I was shocked. Who put that quote there? It's not about the prize or the competition? The RoseBowl has not one, but three adjudicators!!! Their sole purpose (and the sole purpose of the entire concert) is to decide who is best. What is going on here? Who is selling us these lies? (sorry again to some of my students)
The competitive factor seems to foster the worst in people: parents who live vicariously through their children (22 classes by one kid? seriously?), teachers who use the festival to increase their exposure and prestige (auditions to be accepted into a teacher's studio? that's a little backwards!), kids performing to win money and "hardware" (trophies, that is).
Perhaps my second most frustrating moment was when I found myself feeling tense while waiting for the adjudicator to reveal the results for one of my students. I now ask myself: why was I tense? Is it because my student may beat another teacher's student? And, it would follow, of course (hope you can hear the sarcasm here), that I would then be a better teacher. I am frustrated because I had fallen into the trap of the competition.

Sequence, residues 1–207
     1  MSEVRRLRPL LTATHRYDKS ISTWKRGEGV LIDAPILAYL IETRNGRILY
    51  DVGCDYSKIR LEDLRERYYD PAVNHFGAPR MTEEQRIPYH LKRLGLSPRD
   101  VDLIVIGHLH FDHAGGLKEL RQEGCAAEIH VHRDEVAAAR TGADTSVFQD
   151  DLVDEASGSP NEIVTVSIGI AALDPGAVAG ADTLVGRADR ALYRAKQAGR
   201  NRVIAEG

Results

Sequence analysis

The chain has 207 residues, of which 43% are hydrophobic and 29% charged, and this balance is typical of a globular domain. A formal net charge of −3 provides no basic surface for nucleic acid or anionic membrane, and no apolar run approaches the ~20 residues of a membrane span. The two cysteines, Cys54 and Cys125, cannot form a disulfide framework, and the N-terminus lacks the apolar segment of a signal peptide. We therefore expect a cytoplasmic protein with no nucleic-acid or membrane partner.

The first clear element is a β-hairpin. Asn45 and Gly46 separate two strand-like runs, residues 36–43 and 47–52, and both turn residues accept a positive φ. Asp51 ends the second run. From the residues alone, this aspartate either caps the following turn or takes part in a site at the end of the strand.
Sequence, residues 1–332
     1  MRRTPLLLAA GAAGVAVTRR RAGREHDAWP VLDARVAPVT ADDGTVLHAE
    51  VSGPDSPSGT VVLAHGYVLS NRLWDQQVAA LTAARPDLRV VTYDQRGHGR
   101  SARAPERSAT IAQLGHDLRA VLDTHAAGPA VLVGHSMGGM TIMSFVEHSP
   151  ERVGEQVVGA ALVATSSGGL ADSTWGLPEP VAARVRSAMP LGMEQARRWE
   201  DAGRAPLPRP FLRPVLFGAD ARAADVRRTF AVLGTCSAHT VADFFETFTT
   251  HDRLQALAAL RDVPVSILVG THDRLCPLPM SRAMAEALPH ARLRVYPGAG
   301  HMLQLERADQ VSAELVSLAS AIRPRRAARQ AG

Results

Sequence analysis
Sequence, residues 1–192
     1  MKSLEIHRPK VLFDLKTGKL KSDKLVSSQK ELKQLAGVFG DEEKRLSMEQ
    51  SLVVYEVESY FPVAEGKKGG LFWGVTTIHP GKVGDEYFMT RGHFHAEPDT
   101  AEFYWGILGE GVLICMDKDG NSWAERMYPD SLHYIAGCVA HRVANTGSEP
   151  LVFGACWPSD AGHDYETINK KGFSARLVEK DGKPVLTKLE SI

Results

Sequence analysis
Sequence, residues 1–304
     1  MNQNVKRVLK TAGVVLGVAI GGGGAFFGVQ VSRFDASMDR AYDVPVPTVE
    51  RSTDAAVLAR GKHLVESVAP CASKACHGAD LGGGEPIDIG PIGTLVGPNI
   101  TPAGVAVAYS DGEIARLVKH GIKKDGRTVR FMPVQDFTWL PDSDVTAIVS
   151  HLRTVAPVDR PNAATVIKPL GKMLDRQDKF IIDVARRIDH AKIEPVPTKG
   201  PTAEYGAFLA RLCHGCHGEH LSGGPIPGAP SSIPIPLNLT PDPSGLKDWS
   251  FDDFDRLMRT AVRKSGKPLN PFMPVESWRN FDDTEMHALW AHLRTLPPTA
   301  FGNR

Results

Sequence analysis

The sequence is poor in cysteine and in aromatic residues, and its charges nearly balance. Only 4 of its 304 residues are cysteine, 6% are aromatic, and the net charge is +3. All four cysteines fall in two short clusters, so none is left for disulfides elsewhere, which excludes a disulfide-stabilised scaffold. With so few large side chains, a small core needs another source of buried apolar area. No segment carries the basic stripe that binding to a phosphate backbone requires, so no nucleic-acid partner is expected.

The blame can't be put solely on the students, parents, and teachers. We've been set up by the people who have gone before us: the past Rotarians, past parents and teachers, past winners and losers, and the now grown-up students. We've been set up by the rules and regulations. The Rotary Club prides itself on sponsoring the festival for 54 years and they have done a great job. It is truly an amazing feat to get this entire thing organized. Anne Carrier, the club, and all the volunteers are doing fantastic work. It is now time to change; it is not necessary to offer the exact same festival year after year. Arts competitions are an old-school way of thinking; from the stuffy, overly formal competitive atmosphere at each venue, right down to the signage, programs, and red blazers.